US5788270Feb 20, 1996Aug 4, 1998Autoliv Development AbSafety device for a motor vehicle
US5816177Jun 24, 1996Oct 6, 1998Sew Simple Systems, Inc.Material feeding, aligning cutting and edge finishing system
US5865464Jan 27, 1995Feb 2, 1999Asahi Kasei Kogyo Kabushiki KaishaAir bag
US5881776Jan 24, 1997Mar 16, 1999Safety Components Fabric Technologies, Inc.Rapier woven low permeability air bag fabric
US5901979May 6, 1997May 11, 1999Autoliv Asp, Inc.Airbag cushion and mounting therefor
US6082281Oct 26, 1998Jul 4, 2000Diversified Systems, Inc.Automatic pillow sham sewing machine
US6189470Apr 1, 1997Feb 20, 2001Stephen J. RootAutomatic pillow sham sewing machine
US6239046Jun 7, 1999May 29, 2001Bradford Industries, Inc.Polysiloxane coated fabrics for use in air bags
US6350709Nov 30, 1999Feb 26, 2002Bradford Industries, Inc.Heat sealable coated textile fabric for inflatable vehicle restraint systems
US6455449Sep 3, 1999Sep 24, 2002Bradford Industries, Inc.Flexible lightweight air bag for receiving and containing fluid under pressure, comprising textile fabric woven of synthetic yarns of at least two different deniers and polymeric coating on at least one side, impermeable to fluid
US20030204227 *Apr 25, 2003Oct 30, 2003Ingram Aaron NeilTherapeutic hot/cold pad
GB2241207A Title not available
Classifications
U.S. Classification156/73.1, 156/308.4, 156/272.2, 156/290, 156/93
International ClassificationB32B37/00
Cooperative ClassificationB29C66/43, B29C65/04, B29C66/0346, B60R2021/23533, B60R2021/23566, B29C66/242, B29C66/729, B29C66/7292, B29C65/08, B60R21/235, B29C65/62, B29C66/1122, B60R21/232, B29L2022/027, D05B23/00
European ClassificationB60R21/235, D05B23/00, B29C66/729, B29C66/242, B29C66/0346, B29C66/1122, B29C66/7292, B29C65/62, B29C66/43
Legal Events
DateCodeEventDescription
Mar 29, 2011ASAssignment
Effective date: 20110328
Free format text: RELEASE OF PATENTS;ASSIGNOR:GENERAL ELECTRIC CAPITAL CORPORATION, AS AGENT;REEL/FRAME:026037/0679
Owner name: CONE JACQUARDS LLC, NORTH CAROLINA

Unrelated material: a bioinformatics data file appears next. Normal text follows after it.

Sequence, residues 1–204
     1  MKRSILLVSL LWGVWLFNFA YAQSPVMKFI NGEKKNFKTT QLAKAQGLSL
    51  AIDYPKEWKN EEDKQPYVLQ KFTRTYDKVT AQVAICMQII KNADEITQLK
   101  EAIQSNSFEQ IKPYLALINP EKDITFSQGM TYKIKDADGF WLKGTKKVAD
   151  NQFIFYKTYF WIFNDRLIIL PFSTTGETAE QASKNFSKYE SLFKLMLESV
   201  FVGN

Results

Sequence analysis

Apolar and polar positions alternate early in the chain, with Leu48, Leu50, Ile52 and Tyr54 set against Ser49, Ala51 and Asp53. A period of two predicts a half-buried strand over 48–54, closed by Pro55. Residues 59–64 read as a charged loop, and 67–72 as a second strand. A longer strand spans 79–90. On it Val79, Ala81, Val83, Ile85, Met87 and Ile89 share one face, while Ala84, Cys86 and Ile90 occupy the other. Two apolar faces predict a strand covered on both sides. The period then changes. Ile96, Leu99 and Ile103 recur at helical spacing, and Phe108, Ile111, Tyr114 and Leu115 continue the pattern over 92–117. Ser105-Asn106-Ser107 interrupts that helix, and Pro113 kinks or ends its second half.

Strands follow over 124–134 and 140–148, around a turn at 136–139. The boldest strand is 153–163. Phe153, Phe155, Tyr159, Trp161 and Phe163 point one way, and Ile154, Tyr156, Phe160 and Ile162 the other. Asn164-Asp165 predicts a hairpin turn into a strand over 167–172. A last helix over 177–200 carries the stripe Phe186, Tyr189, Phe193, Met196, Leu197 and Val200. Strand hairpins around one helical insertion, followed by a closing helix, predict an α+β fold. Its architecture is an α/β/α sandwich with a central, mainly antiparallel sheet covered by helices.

Owner name: SAFETY COMPONENTS FABRIC TECHNOLOGIES, INC., SOUTH
Jan 12, 2009ASAssignment
Free format text: SECURITY AGREEMENT;ASSIGNOR:SAFETY COMPONENTS FABRIC TECHNOLOGIES, INC.;REEL/FRAME:022092/0097
Effective date: 20081224
Owner name: CLEARLAKE CAPITAL PARTNERS, LLC, CALIFORNIA
Jan 9, 2009ASAssignment
Owner name: GENERAL ELECTRIC CAPITAL CORPORATION, AS AGENT, CO
Effective date: 20081224
Free format text: SECURITY AGREEMENT;ASSIGNOR:SAFETY COMPONENTS FABRIC TECHNOLOGIES, INC.;REEL/FRAME:022078/0595
Jan 16, 2007ASAssignment
Owner name: SAFETY COMPONENTS FABRIC TECHNOLOGIES, INC., SOUTH
Free format text: TERMINATION AND RELEASE;ASSIGNOR:WACHOVIA BANK, NATIONAL ASSOCIATION;REEL/FRAME:018767/0198
Free format text: SECURITY AGREEMENT;ASSIGNORS:SAFETY COMPONENTS FABRIC TECHNOLOGIES, INC.;CONE JACQUARDS LLC;REEL/FRAME:018757/0798
Effective date: 20061229
Owner name: GENERAL ELECTRIC CAPITAL CORPORATION, AS AGENT, CO
Dec 2, 2003ASAssignment
Free format text: AMENDMENT NO. 1 TO PATENT COLLATERAL ASSIGNMENT AND SECURITY AGREEMENT;ASSIGNOR:SAFETY COMPONENTS FABRIC TECHNOLOGIES, INC.;REEL/FRAME:014782/0148
Effective date: 20031008
Owner name: CONGRESS FINANCIAL CORPORATION (SOUTHERN), GEORGIA
Jan 21, 2003ASAssignment
Free format text: ASSIGNMENT OF ASSIGNORS INTEREST;ASSIGNOR:TONEY, WAYNE H.;REEL/FRAME:013682/0211
Owner name: SAFETY COMPONENTS INTERNATIONAL, INC., SOUTH CAROL
Effective date: 20030115